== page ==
This is a piece written by my father when he was in high school:
by Gordon Powell
Frequently my father asks me to take him to various parts of the city. He owns a small book store in East Liberty, and he buys much of his stock from private homes. There is a wide variety in the types of homes we enter. The worst I have ever seen was on the North Side. The house was one in a row of five. The steps were sagging, as was the porch, and everything needed paint.
The front door was open so we walked in. Evidently the house was sub-divided into apartments, because in the hallway a door on the left bore the name Jones scribbled on a little card tacked to it. I glanced around the hallway while my father knocked on the door. The hall was quite long and high but very narrow. On the right wall hung several old tintype pictures, while on the left wall, in loose folds, hung the wallpaper. The one thing the walls, ceiling and floor had in common was a covering of dirt.
At that moment the door was opened, and the woman we came to see peered out. My father introduced us. The woman was in her late fifties, gray-haired and enormously fat. Her cheeks were pouchy, and saliva trickled from the side of her mouth even when it was closed. She wore ancient high-topped shoes, split at the sides, and a filthy, baggy print dress that was partially covered by a filthier apron.
Her front room was filled to capacity with junk. While my father was sorting out books, I looked around. The walls were covered with religious pictures, and there were wooden statues of Indians all around the room.
My father finished the books and asked the woman if she had any jewelry for sale. She told him she had some stickpins in the kitchen. We started to walk through her bedroom when my father noticed another bookcase. While he was looking through this, I surveyed the bedroom. Empty, the room would have been large. But there were trunks, mattresses, tables, old clothes, and litter everywhere.
Clotheslines were strung across the room, and hanging from them were old girdles, brassieres, stained sheets, and frazzled throw-rugs. I turned around and found myself looking at a giant cockroach, which was perched on an old trunk and whose feelers were waving furiously, as if daring me to come closer. I didn’t take up his dare.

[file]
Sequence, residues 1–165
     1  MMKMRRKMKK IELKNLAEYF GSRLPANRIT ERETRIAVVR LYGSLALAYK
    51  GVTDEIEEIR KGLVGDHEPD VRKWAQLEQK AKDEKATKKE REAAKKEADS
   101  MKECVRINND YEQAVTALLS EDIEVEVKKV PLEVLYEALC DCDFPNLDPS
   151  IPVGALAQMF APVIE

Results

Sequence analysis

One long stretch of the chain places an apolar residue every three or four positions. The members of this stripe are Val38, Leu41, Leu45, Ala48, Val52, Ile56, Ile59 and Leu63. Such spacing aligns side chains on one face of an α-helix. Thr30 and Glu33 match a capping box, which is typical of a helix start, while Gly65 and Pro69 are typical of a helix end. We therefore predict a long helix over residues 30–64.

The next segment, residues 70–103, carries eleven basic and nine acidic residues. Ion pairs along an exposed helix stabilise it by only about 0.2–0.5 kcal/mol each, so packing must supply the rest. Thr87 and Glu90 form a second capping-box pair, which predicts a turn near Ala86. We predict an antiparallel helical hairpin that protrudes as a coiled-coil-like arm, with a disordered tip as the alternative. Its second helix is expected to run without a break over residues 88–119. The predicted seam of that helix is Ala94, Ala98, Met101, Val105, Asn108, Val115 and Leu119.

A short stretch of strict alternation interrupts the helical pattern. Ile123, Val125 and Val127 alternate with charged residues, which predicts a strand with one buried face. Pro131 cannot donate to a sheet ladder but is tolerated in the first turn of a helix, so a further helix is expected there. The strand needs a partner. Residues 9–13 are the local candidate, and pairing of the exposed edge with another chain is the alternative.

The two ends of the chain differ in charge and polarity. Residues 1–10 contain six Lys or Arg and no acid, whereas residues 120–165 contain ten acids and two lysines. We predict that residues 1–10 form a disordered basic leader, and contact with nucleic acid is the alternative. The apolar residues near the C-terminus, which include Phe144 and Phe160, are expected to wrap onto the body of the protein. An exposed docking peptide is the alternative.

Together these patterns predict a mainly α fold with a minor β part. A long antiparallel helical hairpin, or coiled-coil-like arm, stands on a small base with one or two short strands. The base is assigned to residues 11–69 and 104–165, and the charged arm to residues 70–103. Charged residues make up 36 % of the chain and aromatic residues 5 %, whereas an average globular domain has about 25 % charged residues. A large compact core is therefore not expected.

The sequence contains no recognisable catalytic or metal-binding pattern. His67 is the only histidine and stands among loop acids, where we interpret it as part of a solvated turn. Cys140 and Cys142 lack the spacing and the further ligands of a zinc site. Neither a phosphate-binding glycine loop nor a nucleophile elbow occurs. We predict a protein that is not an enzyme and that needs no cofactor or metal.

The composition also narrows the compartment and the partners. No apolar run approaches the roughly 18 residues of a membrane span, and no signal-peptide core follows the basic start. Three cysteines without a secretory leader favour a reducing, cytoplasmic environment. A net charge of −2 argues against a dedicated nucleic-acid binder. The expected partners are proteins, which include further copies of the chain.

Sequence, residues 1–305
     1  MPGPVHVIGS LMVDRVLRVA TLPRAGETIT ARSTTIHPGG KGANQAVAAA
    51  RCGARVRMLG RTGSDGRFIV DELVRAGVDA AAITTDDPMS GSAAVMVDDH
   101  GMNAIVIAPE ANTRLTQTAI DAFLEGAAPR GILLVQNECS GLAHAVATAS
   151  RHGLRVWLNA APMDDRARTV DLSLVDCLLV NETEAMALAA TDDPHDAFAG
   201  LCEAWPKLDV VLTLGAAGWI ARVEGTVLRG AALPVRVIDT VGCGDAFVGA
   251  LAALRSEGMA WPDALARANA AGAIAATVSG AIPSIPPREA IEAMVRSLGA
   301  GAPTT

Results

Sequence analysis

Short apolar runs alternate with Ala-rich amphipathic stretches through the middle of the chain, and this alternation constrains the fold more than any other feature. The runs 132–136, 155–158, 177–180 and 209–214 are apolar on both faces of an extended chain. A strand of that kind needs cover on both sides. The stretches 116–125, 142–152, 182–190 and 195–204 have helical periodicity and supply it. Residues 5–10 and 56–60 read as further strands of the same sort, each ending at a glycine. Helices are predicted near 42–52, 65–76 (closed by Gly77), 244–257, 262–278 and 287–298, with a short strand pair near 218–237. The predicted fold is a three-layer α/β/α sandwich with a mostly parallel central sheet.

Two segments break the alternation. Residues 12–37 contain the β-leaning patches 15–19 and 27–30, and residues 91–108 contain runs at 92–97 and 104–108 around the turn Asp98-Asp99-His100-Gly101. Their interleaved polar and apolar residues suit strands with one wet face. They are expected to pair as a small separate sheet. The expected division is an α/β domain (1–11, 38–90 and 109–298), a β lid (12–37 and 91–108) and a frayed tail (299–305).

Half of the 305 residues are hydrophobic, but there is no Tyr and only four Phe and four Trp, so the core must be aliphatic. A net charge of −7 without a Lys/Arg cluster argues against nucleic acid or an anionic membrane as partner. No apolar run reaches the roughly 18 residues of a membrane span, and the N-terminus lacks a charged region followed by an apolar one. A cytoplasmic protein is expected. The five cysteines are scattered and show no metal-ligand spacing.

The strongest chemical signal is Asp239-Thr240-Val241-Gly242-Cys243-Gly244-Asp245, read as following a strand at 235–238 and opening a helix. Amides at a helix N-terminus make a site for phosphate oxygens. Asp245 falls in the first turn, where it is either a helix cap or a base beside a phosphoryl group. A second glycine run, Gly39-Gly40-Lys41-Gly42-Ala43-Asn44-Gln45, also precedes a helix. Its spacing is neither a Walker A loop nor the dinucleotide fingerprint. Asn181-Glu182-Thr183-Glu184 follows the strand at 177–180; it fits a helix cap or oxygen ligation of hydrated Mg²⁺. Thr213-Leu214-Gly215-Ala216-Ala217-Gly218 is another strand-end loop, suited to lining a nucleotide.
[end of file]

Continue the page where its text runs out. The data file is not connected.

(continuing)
When my father had gone through the bookcase, we went to the kitchen. As soon as we crossed through the door, a sickening stench met us. I backed up and remained in the doorway. From my vantage point I could look into the kitchen and then, like a swimmer, turn my head and gulp fresh air from the hallway. Like the other rooms, the kitchen was filled with junk. There were four ranges–only one connected–which were piled high with old newspapers and glass jars. The wallpaper was peeling from the walls in great strips.
Finally, my father finished his business and told me to get a box for the books. I saw several boxes in the hallway. I picked one up, shook out two roaches, and piled the books into it. My father paid the woman and we left the house.
When we got to the car, I asked him how he could stand such places. With the typical antiquarian bookman’s attitude, he replied, “I’m looking for books, Gordon, not bugs.”
I don’t know about you, but I’m glad to be out of that woman’s home and back here with you guys. I guess hoarders have been around a long time, but reality shows made us more aware of this problem.
What are your thoughts? Would you dig through a place like that looking for treasured books and other items? How would you react to seeing someone living in those conditions? I’d love to hear from you!
Photo credit: Gellinger, Jarmoluk – Pixabay